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An Impending Bloodbath in Egypt: Will It Break the Coup?

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Source: CounterPunch


There is no parallel in modern history to the recent events in Egypt, which have so quickly and effortlessly stripped people of their will. Within a year, the nation that went to the polls in free and fair elections to elect the lower and upper houses of parliament, choose the first civilian president in a multi-candidate race, and approve a new constitution, remarkably witnessed the reversal and invalidation of its nascent democratic institutions. After the triumph of the great Egyptian uprising in February 2011, such a tragic outcome was not the anticipated feat of its promising trajectory.

But the setback to the march of freedom and democracy in a region that has been plagued with despotism, repression, foreign domination, and corruption, could not have taken place without the active scheming and subversive action by myriad players led by the fulool counter-revolutionaries, or Mubarak loyalists and corrupt oligarchs, as well as the "deep state," which is a decades-old web of corruption and special interests entrenched within the state's institutions. 

Former justice minister Ahmad Makki detailed in recent interviews the depth of the entrenched elements of Mubarak loyalists including the judiciary, which actively undermined Morsi's introduction of real reforms. Other actors who were dismayed by the rise of the Muslim Brotherhood (MB) and the Islamists in general, also played a critical role in dislodging them from power and creating a constitutional crisis. These players have not only included most secular, liberal and leftist parties and elites, but have also involved foreign powers such as Israel, Saudi Arabia and the United Arab Emirates, which saw the Egyptian revolution as a threat to their interests. Moreover, youth groups and ordinary citizens were frustrated with the slow progress in fulfilling the declared promises of the revolution, namely "decent living, freedom, social justice, and human dignity."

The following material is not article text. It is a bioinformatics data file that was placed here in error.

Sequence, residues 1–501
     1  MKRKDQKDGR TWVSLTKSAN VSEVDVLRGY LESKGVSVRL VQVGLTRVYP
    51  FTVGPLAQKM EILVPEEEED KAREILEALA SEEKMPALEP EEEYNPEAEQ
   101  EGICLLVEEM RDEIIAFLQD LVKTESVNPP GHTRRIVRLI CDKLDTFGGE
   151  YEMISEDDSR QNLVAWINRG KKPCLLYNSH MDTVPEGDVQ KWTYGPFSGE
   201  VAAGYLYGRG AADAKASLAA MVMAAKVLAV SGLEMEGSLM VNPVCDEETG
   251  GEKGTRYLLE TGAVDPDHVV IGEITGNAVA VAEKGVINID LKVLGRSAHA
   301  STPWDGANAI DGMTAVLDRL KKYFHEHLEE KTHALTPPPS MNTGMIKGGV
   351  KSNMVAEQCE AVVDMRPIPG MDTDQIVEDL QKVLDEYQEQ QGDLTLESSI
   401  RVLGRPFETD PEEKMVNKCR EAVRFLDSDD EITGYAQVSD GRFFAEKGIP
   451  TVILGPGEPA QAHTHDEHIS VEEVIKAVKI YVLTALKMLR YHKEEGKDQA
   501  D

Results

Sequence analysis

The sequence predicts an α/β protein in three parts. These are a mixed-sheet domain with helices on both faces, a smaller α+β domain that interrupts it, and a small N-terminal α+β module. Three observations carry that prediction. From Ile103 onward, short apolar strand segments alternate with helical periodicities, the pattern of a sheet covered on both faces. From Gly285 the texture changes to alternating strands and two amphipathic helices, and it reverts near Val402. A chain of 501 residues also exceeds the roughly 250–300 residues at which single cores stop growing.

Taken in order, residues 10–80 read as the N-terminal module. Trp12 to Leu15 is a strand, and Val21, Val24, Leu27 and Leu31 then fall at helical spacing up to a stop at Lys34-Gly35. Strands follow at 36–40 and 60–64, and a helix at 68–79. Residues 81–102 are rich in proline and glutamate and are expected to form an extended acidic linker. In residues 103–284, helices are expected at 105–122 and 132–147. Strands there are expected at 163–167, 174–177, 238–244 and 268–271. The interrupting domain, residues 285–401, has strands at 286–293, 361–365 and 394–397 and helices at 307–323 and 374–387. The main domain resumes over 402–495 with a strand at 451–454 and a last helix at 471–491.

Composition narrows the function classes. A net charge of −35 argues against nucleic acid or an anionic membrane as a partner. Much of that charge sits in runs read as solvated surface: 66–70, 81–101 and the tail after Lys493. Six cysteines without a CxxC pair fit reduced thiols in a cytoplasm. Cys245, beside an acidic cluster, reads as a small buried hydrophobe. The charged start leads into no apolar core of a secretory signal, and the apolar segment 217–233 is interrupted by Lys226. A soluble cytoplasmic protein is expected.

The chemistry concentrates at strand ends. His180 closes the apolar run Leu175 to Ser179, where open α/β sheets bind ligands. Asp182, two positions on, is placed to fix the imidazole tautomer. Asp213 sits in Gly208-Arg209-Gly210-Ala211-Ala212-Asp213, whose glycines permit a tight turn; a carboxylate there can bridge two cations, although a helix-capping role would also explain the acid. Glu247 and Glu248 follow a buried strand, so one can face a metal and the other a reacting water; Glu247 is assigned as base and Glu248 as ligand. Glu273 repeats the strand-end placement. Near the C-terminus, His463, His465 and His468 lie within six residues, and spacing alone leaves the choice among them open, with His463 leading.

A Military Coup with Civilian Co-conspirators

As I argued before, the July 3 military coup was not in response to calls for a second wave of the revolution as falsely presented by the anti-Morsi forces. It was a determined and well-orchestrated plot to oust the democratically elected president after a single year in power. One of the co-conspirators, Mona Makram Ebeid, plainly exposed some of the details in her speech before the Middle East Institute (MEI) on July 11. Ebeid is a veteran of Egyptian politics, jumping between the regime de jure and the opposition. She was not only appointed to the legislature by Mubarak as well as Morsi, but she also served as an advisor to the Military Council during the transitional period. As a Coptic Christian woman who espoused a secular outlook, she embodied the elements of an ideal minority representative. She was also appointed to the Constitutional Constituent Assembly -- the body charged with writing the constitution -- before the mass resignation of its secular members last November. 

According to her statement before the MEI, she was invited on the morning of June 30 to a meeting at the mansion of former Mubarak loyalist and housing minister Hasaballah Al-Kafrawi. Seated next to him was retired Gen. Fuad Allam, a former deputy chief of Egypt's internal security service and a hardline MB foe. Having led the unit that monitored and investigated the religious groups for over two decades, Gen. Allam was one of the most notorious torture experts in the world. Among the attendees were also two-dozen secular journalists, academics, and opposition leaders. 

During the meeting, Minister Kafrawi stated that he had been in touch with the army, the Coptic Pope and Sheikh al-Azhar. He added that army chief Gen. Abdelfattah Sisi had privately requested a "written popular demand" in order to intervene on behalf of the opposition. By 3:00 PM, a statement by over 50 anti-Morsi public figures was delivered to the army demanding its intervention. Since the organizers had previously announced that the demonstration at Tahrir Square would launch at 5:00 PM, the statement issued that morning was in fact requested by the army and provided by the secular opposition before any meaningful anti-Morsi demonstration had ever come onto the streets.